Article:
TANZANIA & MALAWI – LATEST

‘Biased and false’
As the long standing dispute on the ownership of Lake Nyasa between Tanzania and Malawi continued, Tanzania dismissed as “biased and false” a CNN programme which claimed that Tanzania’s border with Malawi lies on the shores of Lake Nyasa. Tanzanian officials said that the broadcast had supported Malawi’s position on the dispute and did not augur well for efforts to settle the matter amicably. The government sent a protest note to the US-based television network on the reports, which it considered to be prejudiced, according to Director of the Tanzania Information Services, Assah Mwambene.

Asked whether the government had consulted US ambassador to Tanzania, Alfonso Lenhardt, he said that Tanzania believed CNN to be an independent media house guided by an editorial policy which the US government had no mandate to influence.

The border row between the two countries follows claims by Malawi that it owns all of the northern part of Lake Nyasa, in accordance with the Heligoland Treaty of 1890 between the colonial powers Germany and Britain. Tanzania argues that, in accordance with international customary law, the border between the two countries is in the middle of the lake.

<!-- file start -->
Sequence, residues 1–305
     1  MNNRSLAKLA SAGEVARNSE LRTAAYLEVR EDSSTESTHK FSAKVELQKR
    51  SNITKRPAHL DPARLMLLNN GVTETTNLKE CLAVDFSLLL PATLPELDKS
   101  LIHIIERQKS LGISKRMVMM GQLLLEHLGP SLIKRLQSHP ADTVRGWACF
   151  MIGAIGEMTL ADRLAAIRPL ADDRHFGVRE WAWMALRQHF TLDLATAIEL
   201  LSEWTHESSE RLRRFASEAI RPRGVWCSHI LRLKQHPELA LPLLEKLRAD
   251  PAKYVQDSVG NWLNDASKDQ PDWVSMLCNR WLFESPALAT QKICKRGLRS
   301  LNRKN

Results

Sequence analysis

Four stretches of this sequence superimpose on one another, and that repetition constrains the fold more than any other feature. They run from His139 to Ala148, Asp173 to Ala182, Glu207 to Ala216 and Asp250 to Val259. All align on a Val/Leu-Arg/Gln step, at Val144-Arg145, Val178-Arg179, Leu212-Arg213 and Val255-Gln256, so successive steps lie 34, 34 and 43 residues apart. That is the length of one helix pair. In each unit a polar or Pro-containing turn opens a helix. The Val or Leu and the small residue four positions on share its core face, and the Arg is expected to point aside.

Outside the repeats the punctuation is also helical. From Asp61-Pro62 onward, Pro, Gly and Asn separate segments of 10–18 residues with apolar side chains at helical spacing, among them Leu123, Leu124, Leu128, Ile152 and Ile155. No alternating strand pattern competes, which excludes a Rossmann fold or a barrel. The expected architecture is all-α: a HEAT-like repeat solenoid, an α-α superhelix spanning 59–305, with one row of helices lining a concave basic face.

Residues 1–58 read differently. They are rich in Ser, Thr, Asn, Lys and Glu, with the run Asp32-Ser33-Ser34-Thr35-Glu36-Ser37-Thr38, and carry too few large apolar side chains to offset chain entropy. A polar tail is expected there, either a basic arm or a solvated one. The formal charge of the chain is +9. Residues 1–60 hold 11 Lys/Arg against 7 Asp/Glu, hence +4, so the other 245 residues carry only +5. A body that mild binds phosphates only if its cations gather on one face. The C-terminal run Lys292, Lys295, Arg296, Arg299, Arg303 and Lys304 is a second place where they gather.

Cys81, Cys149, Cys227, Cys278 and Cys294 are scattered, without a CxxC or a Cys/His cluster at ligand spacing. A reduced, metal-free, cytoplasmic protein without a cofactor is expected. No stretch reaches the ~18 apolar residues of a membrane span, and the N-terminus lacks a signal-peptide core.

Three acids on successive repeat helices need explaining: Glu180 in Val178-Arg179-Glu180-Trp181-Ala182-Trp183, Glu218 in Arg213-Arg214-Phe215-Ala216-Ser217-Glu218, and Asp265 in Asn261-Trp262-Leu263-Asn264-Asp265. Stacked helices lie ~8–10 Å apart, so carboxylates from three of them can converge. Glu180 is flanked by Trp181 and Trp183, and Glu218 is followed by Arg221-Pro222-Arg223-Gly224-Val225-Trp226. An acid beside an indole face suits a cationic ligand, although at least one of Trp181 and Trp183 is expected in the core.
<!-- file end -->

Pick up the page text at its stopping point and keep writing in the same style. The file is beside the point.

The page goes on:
“Everything is compromised” – President Banda
After failing to reach agreement in 2012 (see TA 103 & TA 104) the two countries agreed that they would submit a letter to former Mozambican President Joaquim Chissano, who chairs the African Forum of former Heads of State within the Southern African Development Community, asking him to arbitrate the matter.

In the latest development, Malawi President Joyce Banda said that Malawi was giving up on mediation efforts and would take to the courts to settle the dispute. “We should not waste time on this (media­tion),” she said in Lilongwe after returning from visits to the US and Britain. She said that the mediation bid by ex-President Chisano was “compromised because information submitted by Malawi was leaked to Tanzania”.

She accused the executive secretary of the forum, John Tesha, a Tanzanian national, of passing some vital information to his home coun­try. “After surrendering our documents, we were told that they were leaked to Tanzania before the Tanzanians surrendered theirs,” Banda said. “We feel everything is compromised,” President Banda had earlier said the dispute had dragged on for too long and she was considering taking it to the International Court of Justice for arbitration.

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